West Side (continued)
In 1886, an estimated sixty percent of Chicago's Bohemians were
property owners, and they supported twenty-eight building and
loan associations. According to the Tribune, nearly all the "fine
brick buildings" in Pilsen were financed by these local savings
groups. Once the area west of Halsted Street was built up, Bohemians,
Germans, Scandinavians, .and Poles began to erect houses in the
district between Ashland and Western.
By the 1890s, Blue Island Avenue from 18th to 22nd Streets was
a bustling shopping district. In addition to the shops which catered
to the needs of the expanding community, Blue Island Avenue included
a large number of saloons and tailor shops where garments were
"finished." Strikes in the garment district located
just west of the Loop also spread to Pilsen, where immigrants
worked for low wages as part of the infamous piecework system.
New construction such as Thalia Hall (1892) at the southeast
corner of 18th and Allport provided Pilsen residents with a
stores, and "Hats" (See Fig. 1). While brick
homes and shops in the neighborhood testified to the stability
of the district, congestion remained a serious problem. In 1894
the Chicago Times painted a graphic picture of overcrowding
in the Bohemian Quarter. When a smallpox epidemic ravaged the
bounded by 18th, Loomis, 20th, and Carpenter, the Times reported
The block on Allport street where the disease is worst contains
over 360 families. The houses are frequently three deep; one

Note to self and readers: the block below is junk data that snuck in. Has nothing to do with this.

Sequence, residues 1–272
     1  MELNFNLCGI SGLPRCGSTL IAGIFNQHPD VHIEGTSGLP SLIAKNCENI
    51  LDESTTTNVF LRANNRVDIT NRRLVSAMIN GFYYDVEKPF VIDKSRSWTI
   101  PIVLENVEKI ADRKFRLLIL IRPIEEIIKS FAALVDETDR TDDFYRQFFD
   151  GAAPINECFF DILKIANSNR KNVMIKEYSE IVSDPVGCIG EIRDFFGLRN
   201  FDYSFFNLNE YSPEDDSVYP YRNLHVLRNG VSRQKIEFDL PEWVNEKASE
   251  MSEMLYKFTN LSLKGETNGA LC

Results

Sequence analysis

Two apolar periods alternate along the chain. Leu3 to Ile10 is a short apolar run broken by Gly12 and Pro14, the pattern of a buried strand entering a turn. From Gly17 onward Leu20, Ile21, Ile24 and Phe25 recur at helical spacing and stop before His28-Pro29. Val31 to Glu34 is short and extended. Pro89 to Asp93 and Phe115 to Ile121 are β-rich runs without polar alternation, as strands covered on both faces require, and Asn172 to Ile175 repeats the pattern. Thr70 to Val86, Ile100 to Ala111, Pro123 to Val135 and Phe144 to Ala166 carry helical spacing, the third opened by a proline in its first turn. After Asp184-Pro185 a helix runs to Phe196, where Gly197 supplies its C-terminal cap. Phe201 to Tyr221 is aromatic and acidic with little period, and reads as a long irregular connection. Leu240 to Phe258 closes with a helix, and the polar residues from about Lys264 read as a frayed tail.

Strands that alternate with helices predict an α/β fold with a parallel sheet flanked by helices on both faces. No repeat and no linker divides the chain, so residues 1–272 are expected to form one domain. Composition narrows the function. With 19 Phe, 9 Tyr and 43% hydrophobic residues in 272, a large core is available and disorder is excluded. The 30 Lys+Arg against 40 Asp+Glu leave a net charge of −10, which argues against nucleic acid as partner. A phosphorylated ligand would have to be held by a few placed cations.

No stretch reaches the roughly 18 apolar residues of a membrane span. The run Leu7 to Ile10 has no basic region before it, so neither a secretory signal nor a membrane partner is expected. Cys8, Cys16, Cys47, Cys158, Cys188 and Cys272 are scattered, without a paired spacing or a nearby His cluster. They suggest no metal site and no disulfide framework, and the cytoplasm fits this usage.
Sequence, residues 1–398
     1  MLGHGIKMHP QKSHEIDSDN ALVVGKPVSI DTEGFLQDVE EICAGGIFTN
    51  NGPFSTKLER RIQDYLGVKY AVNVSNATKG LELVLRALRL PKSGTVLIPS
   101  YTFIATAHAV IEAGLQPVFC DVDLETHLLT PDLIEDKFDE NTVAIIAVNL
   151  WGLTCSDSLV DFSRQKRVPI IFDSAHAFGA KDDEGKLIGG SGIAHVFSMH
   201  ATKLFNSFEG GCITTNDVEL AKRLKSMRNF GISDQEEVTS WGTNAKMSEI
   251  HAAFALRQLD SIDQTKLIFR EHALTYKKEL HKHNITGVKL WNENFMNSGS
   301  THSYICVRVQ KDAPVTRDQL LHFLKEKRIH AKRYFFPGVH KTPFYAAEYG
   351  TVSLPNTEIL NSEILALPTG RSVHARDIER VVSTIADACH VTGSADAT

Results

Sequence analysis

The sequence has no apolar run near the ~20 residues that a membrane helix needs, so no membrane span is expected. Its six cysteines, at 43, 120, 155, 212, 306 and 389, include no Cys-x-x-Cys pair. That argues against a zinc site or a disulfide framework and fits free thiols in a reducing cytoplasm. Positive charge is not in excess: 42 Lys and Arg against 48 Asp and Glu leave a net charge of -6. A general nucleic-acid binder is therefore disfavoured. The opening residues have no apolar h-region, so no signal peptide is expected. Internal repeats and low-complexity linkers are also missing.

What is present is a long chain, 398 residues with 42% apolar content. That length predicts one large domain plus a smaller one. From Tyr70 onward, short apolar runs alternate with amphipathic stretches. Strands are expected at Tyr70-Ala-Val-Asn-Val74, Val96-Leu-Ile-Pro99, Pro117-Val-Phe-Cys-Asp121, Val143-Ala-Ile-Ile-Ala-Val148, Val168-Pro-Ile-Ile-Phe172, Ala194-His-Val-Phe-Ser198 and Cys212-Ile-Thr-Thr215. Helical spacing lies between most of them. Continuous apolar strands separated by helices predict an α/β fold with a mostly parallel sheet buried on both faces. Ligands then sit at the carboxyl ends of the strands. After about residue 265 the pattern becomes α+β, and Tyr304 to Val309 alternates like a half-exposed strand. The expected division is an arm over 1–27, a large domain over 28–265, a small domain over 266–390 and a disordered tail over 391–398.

set of families occupying the house facing the street and others
the (frame) dwellings one behind the other in the rear.
According to Robert Hunter, in 1901 more than 7,000 persons
lived on nine blocks in the heart of the Bohemian Quarter. Then
there were many children in Pilsen. Because of the lack of parks
and yards, youngsters played in the neighborhood s crowded streets
and alleys and along the railroad tracks. Local churches and
settlement houses provided much-needed clubrooms and activities
In 1898 Leila A. Martin, a Protestant, and Hettie Peary French,
a convert to Roman Catholicism, joined forces to establish Gads
Hill Social Settlement at 22nd and Robey Street (Damen Avenue).
Unlike other local settlements, Gads Hill was nondenominational
and nonsectarian. In its early years the chief concerns of the
settlement were temperance, social activity, and citizenship
Although Gads Hill has always promoted music and art, it was
not named for Charles Dickens's birthplace in Rochester, England.
According to a history of the center, a lieutenant in the local
police station in the 1870s named this rough-and-tumble part
Chicago after Gads Hill, Missouri, the scene of "a notoriously
bold bank robbery." The name stuck, but following the opening
of the social center, Gads Hill became synonymous with "good
fellowship, brotherly love, the true Christ spirit." Since
1916, Gads Hill Center has been located
at 1919 W. Cullerton Street (See Fig. 2).
Another institution which has served the Lower West Side since
1905 is located at 1831 S. Racine Avenue. Established as the Howell
Neighborhood House and supported for many years by the Fourth
Presbyterian Church, this center is now an independent organization
known as Casa Aztlan.
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Thalia Hall, built in 1892 at 1807 S. Allport. »
Gads Hill Center, 1919 W. Cullerton, c. 1960. »